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Documents acceptable as presented

Read the full situation and winning solution. With recognition: Congratulations to our readers whose solutions were also recognised for their technical merit.

Here is your chance to demonstrate your ability to disentangle the most involved, contentious or just plain weird combinations of documents and to solve a puzzle in the field of documentary operations.

Dear TFP Experts, we have an unusual case in hand and we would greatly appreciate your immediate guidance.

At the request of our customer we issued a letter of credit (LC) covering an import of grain.

Our customer has for some time been unhappy with discrepancy fees being deducted by overseas correspondent banks and so for this latest LC the customer instructed us to include an additional condition of “documents acceptable as presented”. The justification was that this would avoid discrepancy fees.

The customer is a long-standing, reliable, creditworthy customer and we have a credit line and good collateral in place.

The LC was for US$ 550,000 covering a shipment of grain (referenced to a specific contract) but the LC did not specify the quantity of grain to be shipped, even though the separate referenced contract was quite precise in terms of quantity to be shipped.

The shipment was on a CIF basis and the LC called for the following documents (details have been abbreviated but key information is provided):

  • three original signed invoices
  • certificate of origin indicating the origin of the goods as export country
  • insurance certificate for 110 per cent of CIF value with claims payable in country of import, and insurance indicating any exclusion clauses are not acceptable
  • 3/3 Original Charter Party Bills of Lading consigned to order of issuing bank marked freight paid.

We have two urgent queries for your immediate response.

  1. The invoice presented was for a value of US$ 540,000 but the LC prohibits partial shipments.
  2. The presentation only included one document – the reference commercial invoice – without any of the other documents specified in the letter of credit being included in the presentation we received.

At our bank we are all in agreement that this is a strange situation but disagree as to whether these two items are grounds for refusal of documents.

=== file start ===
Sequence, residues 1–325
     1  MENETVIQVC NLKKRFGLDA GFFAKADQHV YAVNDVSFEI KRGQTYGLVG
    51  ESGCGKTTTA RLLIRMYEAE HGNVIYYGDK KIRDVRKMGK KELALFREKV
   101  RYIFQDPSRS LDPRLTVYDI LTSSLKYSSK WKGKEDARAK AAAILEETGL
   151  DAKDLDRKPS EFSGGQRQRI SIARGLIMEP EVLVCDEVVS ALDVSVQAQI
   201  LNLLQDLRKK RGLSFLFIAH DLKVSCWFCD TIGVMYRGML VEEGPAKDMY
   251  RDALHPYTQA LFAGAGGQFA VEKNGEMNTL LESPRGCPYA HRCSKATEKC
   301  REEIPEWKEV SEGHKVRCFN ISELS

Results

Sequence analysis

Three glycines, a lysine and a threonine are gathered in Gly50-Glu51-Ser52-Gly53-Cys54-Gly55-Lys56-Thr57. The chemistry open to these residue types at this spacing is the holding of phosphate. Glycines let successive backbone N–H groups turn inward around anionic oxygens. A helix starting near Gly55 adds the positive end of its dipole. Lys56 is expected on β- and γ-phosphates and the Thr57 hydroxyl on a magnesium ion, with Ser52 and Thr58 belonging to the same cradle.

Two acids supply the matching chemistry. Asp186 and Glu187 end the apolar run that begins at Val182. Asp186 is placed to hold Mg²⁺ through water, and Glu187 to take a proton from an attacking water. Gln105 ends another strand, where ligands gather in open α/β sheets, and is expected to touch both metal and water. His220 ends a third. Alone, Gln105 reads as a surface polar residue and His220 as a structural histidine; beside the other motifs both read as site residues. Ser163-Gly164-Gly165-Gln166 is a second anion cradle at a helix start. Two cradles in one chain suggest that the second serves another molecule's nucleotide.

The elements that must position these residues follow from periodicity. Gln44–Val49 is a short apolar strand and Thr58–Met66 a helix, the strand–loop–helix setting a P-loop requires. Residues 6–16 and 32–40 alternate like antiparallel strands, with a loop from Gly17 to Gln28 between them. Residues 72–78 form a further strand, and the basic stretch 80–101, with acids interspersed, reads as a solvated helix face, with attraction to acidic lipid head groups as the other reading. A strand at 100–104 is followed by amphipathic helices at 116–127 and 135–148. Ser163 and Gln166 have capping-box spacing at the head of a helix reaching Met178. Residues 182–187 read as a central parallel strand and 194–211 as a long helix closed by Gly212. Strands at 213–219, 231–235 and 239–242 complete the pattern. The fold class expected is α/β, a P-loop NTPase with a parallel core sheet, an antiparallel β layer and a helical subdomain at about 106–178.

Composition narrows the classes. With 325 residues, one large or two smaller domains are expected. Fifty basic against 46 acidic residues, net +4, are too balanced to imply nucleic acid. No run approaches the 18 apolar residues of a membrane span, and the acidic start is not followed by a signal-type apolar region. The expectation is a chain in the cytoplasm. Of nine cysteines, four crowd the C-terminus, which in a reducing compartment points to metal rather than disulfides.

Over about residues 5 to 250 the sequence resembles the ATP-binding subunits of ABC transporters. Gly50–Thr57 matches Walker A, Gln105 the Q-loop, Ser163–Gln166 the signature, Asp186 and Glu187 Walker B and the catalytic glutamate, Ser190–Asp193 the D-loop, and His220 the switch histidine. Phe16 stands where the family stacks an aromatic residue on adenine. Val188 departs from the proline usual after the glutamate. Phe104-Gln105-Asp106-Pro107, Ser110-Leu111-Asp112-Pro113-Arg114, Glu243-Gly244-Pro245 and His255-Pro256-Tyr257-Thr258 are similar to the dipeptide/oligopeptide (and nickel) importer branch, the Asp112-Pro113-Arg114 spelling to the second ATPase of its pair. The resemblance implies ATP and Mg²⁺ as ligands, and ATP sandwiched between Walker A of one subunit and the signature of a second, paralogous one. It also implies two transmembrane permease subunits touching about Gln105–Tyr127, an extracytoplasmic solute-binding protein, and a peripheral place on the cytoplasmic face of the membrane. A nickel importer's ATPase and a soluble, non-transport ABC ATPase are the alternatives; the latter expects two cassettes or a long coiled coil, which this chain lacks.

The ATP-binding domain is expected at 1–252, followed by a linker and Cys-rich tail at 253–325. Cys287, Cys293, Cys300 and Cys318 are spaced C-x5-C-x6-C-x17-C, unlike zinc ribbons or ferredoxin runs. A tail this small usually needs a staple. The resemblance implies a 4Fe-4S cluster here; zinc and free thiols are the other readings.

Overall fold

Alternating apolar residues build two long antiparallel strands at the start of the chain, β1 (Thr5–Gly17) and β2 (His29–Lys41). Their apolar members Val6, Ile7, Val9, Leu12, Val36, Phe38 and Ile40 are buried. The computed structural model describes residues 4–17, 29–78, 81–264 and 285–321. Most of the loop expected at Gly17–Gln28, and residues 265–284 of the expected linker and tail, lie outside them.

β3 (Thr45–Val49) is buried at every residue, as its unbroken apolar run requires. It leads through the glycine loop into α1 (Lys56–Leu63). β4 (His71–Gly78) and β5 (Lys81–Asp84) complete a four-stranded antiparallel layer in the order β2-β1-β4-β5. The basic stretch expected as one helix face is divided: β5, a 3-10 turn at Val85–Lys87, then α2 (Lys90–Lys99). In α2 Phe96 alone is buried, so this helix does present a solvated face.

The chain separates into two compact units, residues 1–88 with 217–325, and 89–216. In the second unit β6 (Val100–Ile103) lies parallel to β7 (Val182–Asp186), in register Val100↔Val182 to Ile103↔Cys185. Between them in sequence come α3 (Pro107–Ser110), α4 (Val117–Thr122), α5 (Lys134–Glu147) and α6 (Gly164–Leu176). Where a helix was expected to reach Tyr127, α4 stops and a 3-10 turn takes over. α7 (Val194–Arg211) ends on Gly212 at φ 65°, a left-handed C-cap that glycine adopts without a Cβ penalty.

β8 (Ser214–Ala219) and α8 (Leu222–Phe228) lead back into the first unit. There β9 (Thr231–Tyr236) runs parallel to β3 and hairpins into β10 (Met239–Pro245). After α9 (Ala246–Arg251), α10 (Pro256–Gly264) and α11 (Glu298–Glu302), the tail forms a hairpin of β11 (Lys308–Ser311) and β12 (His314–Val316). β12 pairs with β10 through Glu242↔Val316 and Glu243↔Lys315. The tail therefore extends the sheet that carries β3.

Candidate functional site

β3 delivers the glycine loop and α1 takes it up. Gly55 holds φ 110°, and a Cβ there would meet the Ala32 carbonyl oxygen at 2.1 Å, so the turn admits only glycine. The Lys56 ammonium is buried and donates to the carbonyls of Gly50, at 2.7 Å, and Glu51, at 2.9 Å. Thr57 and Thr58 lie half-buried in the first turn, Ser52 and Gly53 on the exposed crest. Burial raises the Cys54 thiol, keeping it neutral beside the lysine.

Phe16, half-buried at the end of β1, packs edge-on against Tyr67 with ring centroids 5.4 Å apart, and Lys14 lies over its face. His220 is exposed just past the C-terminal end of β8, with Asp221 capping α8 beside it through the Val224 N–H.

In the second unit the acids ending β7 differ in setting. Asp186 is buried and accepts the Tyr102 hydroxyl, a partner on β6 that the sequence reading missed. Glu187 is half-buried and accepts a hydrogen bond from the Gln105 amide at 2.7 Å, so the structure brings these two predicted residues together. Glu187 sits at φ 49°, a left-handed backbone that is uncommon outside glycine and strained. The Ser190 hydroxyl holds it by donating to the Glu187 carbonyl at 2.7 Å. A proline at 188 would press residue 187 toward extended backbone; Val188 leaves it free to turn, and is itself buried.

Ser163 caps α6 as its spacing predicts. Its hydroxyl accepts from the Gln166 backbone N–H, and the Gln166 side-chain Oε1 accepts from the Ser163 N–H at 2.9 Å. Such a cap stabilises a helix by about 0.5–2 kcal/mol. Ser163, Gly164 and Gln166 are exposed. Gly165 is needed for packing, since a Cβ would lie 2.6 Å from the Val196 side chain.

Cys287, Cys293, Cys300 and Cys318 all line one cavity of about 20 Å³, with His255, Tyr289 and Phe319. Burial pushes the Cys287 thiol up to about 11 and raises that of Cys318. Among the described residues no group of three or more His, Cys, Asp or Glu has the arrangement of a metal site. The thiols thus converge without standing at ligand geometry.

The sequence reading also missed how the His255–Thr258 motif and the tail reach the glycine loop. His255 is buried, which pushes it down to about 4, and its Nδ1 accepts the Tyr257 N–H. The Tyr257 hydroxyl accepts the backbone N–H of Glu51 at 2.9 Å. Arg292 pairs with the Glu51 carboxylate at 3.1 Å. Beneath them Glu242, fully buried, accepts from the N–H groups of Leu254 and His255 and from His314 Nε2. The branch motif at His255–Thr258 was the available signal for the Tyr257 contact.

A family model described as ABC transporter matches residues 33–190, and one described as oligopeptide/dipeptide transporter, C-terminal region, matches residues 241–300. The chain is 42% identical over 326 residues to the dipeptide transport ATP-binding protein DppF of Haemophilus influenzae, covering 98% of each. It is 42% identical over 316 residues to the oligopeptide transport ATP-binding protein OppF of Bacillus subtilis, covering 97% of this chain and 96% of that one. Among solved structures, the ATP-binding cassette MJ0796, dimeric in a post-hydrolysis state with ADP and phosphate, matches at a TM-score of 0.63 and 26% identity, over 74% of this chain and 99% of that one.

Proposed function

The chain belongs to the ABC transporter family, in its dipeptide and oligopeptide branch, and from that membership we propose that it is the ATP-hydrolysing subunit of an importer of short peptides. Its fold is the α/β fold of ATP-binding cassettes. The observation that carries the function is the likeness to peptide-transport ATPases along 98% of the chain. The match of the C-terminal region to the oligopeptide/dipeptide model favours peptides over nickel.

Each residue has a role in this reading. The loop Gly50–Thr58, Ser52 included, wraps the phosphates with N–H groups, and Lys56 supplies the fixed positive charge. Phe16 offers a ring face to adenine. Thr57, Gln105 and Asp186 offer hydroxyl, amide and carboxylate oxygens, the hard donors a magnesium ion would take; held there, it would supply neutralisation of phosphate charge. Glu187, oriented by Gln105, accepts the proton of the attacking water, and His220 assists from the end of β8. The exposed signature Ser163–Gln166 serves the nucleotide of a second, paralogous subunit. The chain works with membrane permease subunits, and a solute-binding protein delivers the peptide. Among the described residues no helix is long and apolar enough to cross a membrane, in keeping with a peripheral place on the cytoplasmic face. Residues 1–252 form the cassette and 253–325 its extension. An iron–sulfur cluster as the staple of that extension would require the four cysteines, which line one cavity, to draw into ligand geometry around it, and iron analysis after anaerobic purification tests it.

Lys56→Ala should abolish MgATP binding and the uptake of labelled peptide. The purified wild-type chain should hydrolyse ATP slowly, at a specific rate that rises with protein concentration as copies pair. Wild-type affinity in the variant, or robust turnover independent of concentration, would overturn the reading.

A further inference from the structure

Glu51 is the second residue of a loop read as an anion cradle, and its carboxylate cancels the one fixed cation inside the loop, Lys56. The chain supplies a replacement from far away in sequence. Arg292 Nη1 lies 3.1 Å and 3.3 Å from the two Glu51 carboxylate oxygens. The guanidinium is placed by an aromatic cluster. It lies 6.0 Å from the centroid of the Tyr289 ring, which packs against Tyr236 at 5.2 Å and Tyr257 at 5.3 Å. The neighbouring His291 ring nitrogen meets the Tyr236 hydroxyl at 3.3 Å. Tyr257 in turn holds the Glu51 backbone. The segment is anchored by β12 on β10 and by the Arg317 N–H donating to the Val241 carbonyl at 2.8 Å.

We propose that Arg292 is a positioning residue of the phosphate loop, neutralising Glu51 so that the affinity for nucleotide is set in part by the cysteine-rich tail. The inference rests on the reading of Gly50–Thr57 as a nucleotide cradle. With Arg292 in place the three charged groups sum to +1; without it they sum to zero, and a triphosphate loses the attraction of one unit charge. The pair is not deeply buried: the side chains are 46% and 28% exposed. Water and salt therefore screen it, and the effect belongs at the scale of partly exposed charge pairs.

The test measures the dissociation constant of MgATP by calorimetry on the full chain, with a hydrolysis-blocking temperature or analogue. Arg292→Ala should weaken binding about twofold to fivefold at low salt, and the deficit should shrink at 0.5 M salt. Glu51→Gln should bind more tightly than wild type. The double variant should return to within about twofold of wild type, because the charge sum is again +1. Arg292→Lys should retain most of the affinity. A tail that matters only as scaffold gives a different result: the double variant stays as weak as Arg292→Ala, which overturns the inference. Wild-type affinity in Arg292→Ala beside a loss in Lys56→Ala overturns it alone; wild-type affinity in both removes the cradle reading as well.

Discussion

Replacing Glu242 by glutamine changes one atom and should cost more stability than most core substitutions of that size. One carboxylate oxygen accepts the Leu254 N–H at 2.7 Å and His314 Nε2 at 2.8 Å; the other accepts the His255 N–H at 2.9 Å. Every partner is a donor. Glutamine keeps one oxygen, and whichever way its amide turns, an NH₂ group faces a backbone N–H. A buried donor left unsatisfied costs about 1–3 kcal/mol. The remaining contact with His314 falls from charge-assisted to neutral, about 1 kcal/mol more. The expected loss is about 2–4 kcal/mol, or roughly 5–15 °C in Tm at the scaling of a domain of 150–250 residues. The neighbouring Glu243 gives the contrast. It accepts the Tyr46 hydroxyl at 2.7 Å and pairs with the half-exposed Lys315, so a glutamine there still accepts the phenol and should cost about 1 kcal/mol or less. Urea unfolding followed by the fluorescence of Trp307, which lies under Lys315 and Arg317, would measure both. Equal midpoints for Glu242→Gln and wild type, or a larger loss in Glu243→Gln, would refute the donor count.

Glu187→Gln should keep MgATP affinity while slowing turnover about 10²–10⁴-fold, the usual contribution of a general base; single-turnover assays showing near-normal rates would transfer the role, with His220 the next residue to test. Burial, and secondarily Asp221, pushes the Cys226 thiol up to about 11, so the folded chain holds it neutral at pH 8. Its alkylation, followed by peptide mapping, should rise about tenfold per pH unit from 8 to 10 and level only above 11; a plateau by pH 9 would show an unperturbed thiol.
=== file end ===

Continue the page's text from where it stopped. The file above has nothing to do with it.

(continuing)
We anxiously await your expert reply.


And the winning solution is...

Dear trade finance clinic,

First of all, the expression “documents acceptable as presented” should not be used in a credit, as this clause is not defined in UCP 600.

However, if the clause is used, its meaning should be defined in the credit – that is, the issuing bank should explain carefully its intention.

If it is not strictly defined then the definition shall have the following meaning under international standard banking practice: documents acceptable as presented.

That is to say, a presentation may consist of one or more of the stipulated documents, provided they are presented within the expiry date of the credit and the drawable amount is within the amount available under the credit. The documents will not otherwise be examined for compliance under the credit or UCP 600, including whether they are presented in the required number of originals or copies.

Typically this means that only three elements will be examined.

  • At least one of the documents required by the letter of credit (LC) must be presented.
  • The presentation must be made within the expiry date of the LC.
  • The drawable amount must be within the available amount under the LC.

This means that the beneficiary may present only one of the documents requested under the LC, and the document examiner will only check that (i) it is the correct document; (ii) the presentation has been made within the expiry date of the LC; and (iii) the drawable amount is within the amount available under the LC.

In this particular case we do not have all the relevant data regarding the dates under the LC, but if we assume that the presentation was made within the expiry date of the credit, and we can see that the drawable amount does not exceed the available amount under the LC, then no other examination needs to be made.

Consequently, since the clause “documents acceptable as presented” has not been defined in the UCP and the issuing bank has not explained the clause in the LC terms, there is always the danger of misunderstandings and misinterpretations.

But taking into consideration the available data and according to the relevant articles in UCP 600 as well as ISBP, in my opinion this is a complying presentation.

Best regards,

Elena Ristevska
Komercijalna Banka AD Skopje

With recognition

The following readers are recognised for their technical merit

(Alphabetical order)

  • Innesa Amirbekyan

    Converse Bank, Armenia

  • Nelli Kocharyan

    Converse Bank, Armenia

  • Lamia Riabi

    Attijari Bank, Tunisia